We’re facing a crisis in our secondary schools. Student numbers are expected to increase dramatically, but the Department for Education has struggled to recruit the number of teachers needed to meet the increased demand. Overall, there’s a shortage of 30,000 teachers this year alone, and the shortfall is even worse in key subjects like technology and science. And when teachers are leaving the profession, sometimes en mass, it’s hard to figure out where to start addressing the issue.


Indeed the teacher shortage is one of the biggest challenges facing UK schools — compounded by a number of factors. A baby boom that started in 2002 is primarily to blame for the need for more teachers, and that need is expected to peak in the next year. But teachers blame workload, over-testing, lack of professional development and according to the Guardian, “more attractive options elsewhere in the labour market” for why they choose to leave. So it seems retaining current teaching is just as important as recruiting new teachers.


The DfE recognises these challenges as important to ensuring that Britain’s schools are well staffed with qualified teachers and has pledged €1.3bn to recruiting new teachers. However, DfE chairman Neil Carmichael expects the problems to continue for the foreseeable future.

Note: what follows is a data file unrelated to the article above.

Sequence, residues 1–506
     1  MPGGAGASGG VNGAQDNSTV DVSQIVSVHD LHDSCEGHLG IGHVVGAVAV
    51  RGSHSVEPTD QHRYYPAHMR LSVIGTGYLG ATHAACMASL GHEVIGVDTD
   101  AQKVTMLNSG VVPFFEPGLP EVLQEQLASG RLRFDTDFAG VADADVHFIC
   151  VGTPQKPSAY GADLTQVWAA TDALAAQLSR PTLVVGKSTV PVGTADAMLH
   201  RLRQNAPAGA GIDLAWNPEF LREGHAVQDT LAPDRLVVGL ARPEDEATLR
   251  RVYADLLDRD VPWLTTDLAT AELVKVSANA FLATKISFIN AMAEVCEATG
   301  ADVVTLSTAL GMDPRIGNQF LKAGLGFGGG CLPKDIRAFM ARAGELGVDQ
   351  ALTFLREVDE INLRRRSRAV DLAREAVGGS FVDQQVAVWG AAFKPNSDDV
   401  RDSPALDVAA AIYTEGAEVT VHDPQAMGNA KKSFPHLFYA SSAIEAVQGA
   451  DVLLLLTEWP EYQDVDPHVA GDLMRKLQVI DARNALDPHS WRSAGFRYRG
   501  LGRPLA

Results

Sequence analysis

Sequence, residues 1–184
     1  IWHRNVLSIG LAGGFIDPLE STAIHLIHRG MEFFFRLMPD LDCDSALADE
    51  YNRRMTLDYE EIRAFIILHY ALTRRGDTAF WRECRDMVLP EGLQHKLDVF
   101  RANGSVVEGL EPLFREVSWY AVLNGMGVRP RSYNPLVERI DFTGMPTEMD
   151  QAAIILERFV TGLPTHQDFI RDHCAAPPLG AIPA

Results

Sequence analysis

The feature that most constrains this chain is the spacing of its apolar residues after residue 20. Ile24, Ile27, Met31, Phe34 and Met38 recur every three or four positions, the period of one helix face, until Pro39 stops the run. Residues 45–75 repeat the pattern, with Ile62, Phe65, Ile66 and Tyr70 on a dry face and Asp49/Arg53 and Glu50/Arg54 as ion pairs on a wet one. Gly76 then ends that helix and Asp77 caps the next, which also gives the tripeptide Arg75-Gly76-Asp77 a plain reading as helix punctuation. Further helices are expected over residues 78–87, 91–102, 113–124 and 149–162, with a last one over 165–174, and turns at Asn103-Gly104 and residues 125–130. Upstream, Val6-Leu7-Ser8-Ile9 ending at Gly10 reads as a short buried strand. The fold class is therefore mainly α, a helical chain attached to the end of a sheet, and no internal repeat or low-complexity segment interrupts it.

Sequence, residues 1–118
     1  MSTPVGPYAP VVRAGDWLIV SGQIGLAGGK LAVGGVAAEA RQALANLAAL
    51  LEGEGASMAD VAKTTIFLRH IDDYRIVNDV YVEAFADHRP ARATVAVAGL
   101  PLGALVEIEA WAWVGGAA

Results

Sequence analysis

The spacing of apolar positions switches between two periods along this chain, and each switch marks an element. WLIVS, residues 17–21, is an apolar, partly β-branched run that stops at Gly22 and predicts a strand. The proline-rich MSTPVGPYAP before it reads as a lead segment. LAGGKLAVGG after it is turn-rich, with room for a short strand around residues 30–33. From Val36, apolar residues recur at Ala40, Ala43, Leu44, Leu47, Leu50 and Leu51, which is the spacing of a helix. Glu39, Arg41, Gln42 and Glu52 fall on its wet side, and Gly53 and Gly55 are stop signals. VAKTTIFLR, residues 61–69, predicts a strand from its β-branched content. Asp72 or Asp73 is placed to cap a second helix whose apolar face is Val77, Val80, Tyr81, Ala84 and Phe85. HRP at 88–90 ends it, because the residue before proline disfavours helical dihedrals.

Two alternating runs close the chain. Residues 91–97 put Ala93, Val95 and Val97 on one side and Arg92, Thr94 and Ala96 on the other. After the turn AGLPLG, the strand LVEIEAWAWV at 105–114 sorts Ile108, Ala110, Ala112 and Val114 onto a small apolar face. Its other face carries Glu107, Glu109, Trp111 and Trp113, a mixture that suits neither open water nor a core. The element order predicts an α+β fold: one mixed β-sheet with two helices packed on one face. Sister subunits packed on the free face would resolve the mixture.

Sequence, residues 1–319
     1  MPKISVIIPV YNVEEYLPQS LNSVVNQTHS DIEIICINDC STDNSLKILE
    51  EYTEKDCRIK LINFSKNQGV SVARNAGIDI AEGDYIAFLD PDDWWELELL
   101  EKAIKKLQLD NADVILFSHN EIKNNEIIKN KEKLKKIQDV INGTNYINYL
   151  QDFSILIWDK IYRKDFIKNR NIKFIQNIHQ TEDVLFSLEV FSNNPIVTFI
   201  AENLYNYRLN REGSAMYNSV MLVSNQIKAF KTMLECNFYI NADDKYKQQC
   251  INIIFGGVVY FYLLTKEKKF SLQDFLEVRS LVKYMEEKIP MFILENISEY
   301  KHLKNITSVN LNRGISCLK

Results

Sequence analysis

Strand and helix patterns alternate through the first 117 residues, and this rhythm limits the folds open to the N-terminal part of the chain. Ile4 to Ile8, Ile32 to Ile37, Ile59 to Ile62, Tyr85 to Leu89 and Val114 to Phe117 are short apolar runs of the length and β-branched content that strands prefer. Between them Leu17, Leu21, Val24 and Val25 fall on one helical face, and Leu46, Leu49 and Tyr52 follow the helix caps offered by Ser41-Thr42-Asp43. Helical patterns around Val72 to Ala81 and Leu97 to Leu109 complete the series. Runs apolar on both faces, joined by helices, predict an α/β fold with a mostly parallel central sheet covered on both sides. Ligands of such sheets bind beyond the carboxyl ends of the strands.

He said:

“[The] government will need to focus on helping to tackle issues such as teacher workload and access to continuing professional development. The next government should set out clearly how it will encourage teachers to stay in the profession and ensure recruitment targets are improved.”


Increased funding is only one of the solutions offered by Ross Morrison, founder of the advocacy and resources group for teachers, Teacher Toolkit. When it comes to workload though, the group points to reforming OFSTED gradings as a way to turn things around immediately. While accountability is certainly important, some argue that the current system of high pressure inspections has had the unintended consequence of  narrowing and refocusing of the curriculum and instructional strategies.


Morrison offers a few other recommendations for addressing the recruitment and retention challenges facing secondary schools:


  1. Pay teachers what they deserve
  2. Fund schools better so headteachers can free their teachers to learn from one another
  3. Stop publishing league tables
  4. Reduce OfSTED gradings to Good / Not Yet Good
  5. Take radical steps to reduce the marking burden.


All of these changes present a cultural shift in the UK education system. Unfortunately, any changes will probably be slow in a system of heavy bureaucracy and oversight. The question becomes: How do we create a culture of continuous growth and improvement while leaving headmasters and other school staff space to provide high-quality education to Britain’s students?



Hi, I’m Dr Ioan Rees; thank you for reading this article.

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